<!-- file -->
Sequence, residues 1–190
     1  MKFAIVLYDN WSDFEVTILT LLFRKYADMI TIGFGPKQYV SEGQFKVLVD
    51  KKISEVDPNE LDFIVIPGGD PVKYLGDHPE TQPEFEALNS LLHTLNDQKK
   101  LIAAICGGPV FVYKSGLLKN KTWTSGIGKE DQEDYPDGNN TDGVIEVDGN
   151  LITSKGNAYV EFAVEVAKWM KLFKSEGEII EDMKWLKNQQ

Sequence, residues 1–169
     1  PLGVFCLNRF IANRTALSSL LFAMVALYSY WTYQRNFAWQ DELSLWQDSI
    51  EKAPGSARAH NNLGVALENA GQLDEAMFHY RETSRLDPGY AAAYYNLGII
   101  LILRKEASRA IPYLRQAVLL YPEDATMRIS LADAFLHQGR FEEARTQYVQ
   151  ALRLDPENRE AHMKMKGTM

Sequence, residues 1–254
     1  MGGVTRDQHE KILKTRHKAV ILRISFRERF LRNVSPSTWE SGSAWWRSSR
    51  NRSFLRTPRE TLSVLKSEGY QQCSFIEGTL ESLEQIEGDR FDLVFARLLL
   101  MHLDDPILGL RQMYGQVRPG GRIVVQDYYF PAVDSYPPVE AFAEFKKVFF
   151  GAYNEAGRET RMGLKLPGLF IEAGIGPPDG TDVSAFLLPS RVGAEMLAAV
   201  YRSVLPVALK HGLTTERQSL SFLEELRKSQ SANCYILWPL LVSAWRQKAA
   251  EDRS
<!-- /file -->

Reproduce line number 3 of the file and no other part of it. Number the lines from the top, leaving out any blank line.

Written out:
    51  KKISEVDPNE LDFIVIPGGD PVKYLGDHPE TQPEFEALNS LLHTLNDQKK